We often think of the soles of our running shoes as shock absorbers.
A rigid foot hits the ground decelerating rapidly and the forces damage our feet and knees. Injury being most likely on hard surfaces, so it stands to reason to get a shoe that decelerates us gently.
Let’s look at this from another view. In your car it is the springs not the shock absorbers that keep you from being bounced around over the pot holes on your city street. If your vehicle just had springs and no shock absorbers you would bounce up and down relentlessly after hitting the hole. Shocks dampen the vibrations
A foot needs elastic material to cushion impact on the ground, but it need not be shock absorbing to stop vibrations. Vibrations of the foot against the ground is not a bad thing it is part of the way we maintain surface contact. We use vibrations for sensory information from the soles of our feet not only to maintain surface contact, but manage gait mechanics.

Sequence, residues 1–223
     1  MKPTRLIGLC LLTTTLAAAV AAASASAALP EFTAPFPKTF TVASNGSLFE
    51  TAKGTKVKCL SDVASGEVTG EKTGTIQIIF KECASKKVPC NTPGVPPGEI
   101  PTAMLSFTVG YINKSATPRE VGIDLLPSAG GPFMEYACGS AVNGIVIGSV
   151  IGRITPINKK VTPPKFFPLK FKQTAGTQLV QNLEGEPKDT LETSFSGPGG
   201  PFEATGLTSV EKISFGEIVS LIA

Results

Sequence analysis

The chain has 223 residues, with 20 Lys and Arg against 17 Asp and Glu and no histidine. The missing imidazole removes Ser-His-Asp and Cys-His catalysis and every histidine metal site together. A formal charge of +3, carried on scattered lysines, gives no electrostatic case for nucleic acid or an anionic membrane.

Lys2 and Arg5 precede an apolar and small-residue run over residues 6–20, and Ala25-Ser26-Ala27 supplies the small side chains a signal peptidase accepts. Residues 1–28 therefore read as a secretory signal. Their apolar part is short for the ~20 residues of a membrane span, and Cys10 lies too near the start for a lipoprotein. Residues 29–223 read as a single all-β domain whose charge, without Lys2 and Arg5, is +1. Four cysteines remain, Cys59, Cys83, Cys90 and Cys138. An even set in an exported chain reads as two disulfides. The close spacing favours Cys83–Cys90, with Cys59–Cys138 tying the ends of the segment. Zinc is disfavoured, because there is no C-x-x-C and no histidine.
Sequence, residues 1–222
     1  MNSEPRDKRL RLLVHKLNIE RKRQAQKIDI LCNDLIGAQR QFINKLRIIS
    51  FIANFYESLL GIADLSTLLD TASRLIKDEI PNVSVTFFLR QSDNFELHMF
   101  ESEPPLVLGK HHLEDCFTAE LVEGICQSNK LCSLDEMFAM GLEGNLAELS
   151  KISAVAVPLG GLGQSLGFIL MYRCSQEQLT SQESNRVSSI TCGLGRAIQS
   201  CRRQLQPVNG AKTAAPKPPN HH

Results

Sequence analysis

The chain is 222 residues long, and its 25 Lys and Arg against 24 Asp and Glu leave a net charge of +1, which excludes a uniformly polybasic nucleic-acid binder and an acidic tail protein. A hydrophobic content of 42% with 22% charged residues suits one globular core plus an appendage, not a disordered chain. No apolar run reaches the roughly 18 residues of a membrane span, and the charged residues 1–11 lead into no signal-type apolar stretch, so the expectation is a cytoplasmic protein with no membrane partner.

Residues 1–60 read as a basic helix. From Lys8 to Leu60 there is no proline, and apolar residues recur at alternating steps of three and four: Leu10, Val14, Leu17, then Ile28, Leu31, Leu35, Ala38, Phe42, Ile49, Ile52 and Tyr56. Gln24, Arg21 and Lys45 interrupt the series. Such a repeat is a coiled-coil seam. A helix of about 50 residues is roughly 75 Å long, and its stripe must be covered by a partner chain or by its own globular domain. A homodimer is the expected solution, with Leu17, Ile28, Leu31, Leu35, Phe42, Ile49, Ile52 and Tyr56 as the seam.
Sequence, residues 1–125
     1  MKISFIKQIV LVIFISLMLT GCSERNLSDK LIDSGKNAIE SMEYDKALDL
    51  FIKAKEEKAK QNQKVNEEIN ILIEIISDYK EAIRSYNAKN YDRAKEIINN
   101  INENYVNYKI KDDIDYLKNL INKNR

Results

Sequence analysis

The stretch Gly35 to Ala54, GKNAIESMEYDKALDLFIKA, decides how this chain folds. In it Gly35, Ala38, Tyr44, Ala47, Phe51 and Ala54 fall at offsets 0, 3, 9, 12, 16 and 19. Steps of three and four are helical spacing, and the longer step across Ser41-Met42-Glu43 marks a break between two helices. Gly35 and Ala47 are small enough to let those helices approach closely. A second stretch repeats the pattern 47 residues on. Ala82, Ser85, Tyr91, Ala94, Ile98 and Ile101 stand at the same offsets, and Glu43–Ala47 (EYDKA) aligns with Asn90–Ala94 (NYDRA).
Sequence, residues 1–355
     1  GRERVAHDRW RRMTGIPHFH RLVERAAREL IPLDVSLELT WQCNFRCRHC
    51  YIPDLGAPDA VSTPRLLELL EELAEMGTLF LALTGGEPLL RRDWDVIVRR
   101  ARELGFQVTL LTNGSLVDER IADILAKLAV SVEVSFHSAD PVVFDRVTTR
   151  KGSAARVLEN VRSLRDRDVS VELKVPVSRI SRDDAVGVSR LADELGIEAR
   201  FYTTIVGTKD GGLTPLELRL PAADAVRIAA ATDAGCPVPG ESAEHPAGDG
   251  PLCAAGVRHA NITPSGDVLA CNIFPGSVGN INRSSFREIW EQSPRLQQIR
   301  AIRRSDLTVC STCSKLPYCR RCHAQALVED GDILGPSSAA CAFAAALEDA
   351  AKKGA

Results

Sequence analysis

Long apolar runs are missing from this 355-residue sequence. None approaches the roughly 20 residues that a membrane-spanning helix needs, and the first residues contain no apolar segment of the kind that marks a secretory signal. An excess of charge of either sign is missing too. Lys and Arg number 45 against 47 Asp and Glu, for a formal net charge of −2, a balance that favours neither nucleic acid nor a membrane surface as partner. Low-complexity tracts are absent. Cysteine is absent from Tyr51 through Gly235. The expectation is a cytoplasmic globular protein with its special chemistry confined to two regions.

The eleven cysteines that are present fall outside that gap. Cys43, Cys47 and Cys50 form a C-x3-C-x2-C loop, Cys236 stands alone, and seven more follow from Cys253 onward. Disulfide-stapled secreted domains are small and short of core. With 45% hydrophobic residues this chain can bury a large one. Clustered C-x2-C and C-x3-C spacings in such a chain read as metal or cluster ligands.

If you dissect the heel pad from an amputated foot you would find that it its elastic spring like qualities would exceed similar tests of the heel cushioning of many running shoes.
Barefoot running is interesting and so is the fact that a lot of sports for a lot of years were played with just a little bit of elastic material under the feet.
Shoe cushioning should be examined carefully and well thought out. Getting strong feet is a good thing especially for running and jumping. The human dampening system has been made very well and this shouldn’t be shocking.